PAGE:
New Research in Psychological Science
Replicating Roaches: A Preregistered Replication of Zajonc, Heingartner, and Herman’s (1969) Social-Facilitation Study
Emma Halfmann, Janne Bredehöft, and Jan Alexander Häusserg
In 1969, Zajonc and colleagues showed that cockroaches took longer to complete a complex maze in the presence of other cockroaches than when alone but completed a simple runway faster. Halfmann and colleagues replicated the original procedure and found that cockroaches took longer to complete both the complex and easy tasks in the presence of other cockroaches. These findings show the social-inhibition effect but not the social-facilitation effect Zajonc et al. had reported.
How Firm Are the Foundations of Mind-Set Theory? The Claims Appear Stronger Than the Evidence
Alexander P. Burgoyne, David Z. Hambrick, and Brooke N. Macnamara
Mind-set theory proposes that the beliefs one has about whether attributes are malleable (growth mind-set) or unchangeable (fixed mind-set) influence one’s motivation, type of goals, persistence, and resilience. Contrary to what the mind-set theory would predict, Burgoyne and colleagues tested 438 students and found weak associations (<.20) between mind-set, goal orientation, response to challenge, belief in effort, cognitive ability, and intelligence. The researchers suggest that these results may indicate that some claims about mind-set might be overstated.
Do People Want to Be More Moral?
Jessie Sun and Geoffrey P. Goodwin
When considering self-improvement, moral improvements might not be the most important goal. Subjects and their friends rated the subjects’ personality traits and their desire to change with regard to each trait. They reported less interest in changing morally relevant traits, such as honesty, compassion, and fairness, than other traits, such as anxiety, sociability, and productiveness. Moreover, everyone wanted to achieve more attractive levels of various traits, but interest in changing their moral traits was not closely related to how moral they currently were.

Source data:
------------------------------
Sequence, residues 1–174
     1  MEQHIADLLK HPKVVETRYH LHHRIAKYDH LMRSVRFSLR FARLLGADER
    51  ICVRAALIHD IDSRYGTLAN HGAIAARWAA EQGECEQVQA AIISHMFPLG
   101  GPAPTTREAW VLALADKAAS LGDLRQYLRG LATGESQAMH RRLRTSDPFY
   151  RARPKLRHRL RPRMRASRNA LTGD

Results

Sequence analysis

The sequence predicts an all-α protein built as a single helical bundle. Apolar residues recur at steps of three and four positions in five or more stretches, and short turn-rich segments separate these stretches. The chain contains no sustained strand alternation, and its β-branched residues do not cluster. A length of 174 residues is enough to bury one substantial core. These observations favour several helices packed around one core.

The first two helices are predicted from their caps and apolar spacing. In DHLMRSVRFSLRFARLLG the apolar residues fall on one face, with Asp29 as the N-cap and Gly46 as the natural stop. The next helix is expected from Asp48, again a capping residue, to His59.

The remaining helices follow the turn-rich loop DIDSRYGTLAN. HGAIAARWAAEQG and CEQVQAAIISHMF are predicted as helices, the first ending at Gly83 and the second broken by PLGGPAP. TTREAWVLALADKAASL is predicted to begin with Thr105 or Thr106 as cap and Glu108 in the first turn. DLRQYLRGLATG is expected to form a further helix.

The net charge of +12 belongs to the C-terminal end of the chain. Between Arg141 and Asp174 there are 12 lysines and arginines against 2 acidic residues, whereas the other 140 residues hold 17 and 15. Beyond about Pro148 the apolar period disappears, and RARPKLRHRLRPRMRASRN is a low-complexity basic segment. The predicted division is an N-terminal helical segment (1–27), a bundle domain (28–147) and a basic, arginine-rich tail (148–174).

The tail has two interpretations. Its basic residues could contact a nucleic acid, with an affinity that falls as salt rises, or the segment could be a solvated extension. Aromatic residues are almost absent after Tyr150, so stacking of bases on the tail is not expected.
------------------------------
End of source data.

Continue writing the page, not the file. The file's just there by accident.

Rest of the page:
Subjective Well-Being Around the World: Trends and Predictors Across the Life Span
Andrew T. Jebb, Mike Morrison, Louis Tay, and Ed Diener
New research conducted in 166 nations indicates that neither life satisfaction nor negative affect changed with age. However, positive affect seemed to decline. Marriage, employment, prosociality, and life meaning were associated with higher well-being (measured by increased positive affect and life satisfaction, and decreased negative affect) over the life span in every world region. Employment and life meaning had large associations with well-being, whereas marriage and prosociality had smaller associations. These findings illustrate how different life priorities, such as marriage or employment, might relate to well-being as we age.
Is There a Gender-Equality Paradox in Science, Technology, Engineering, and Math (STEM)? Commentary on the Study by Stoet and Geary (2018)
Sarah S. Richardson, Meredith W. Reiches, Joe Bruch, Marion Boulicault, Nicole E. Noll, and Heather Shattuck-Heidorn
Richardson and colleagues argue that the use of a ratio measure to represent the “propensity” of women compared to men to earn degrees in science, technology, engineering, or math (STEM) in a given country in combination with the Global Gender Gap Index (a contested measure of nation-level gender inequality) raises methodological and empirical questions about the claims by Stoet and Geary (2018). The authors show that Stoet and Geary’s results depend on the measures used and do not support claims of a causal relationship between national gender equality and women in STEM.
The Gender-Equality Paradox Is Part of a Bigger Phenomenon: Reply to Richardson and Colleagues (2020)
Gijsbert Stoet and David C. Geary
Stoet and Geary reply to Richardson and colleagues’ (2020) commentary and argue that despite the existence of different ways to express the percentage of women in STEM, the analytical approach in Stoet and Geary (2018) is accurate. They also hypothesize that men might be more likely than women to enter STEM careers because of endogenous interests, which can be more clearly expressed in countries where occupational choices are less financially constrained. This would explain their original finding that sex differences in the magnitude of pursuit of STEM degrees rise with increases in national gender equality.
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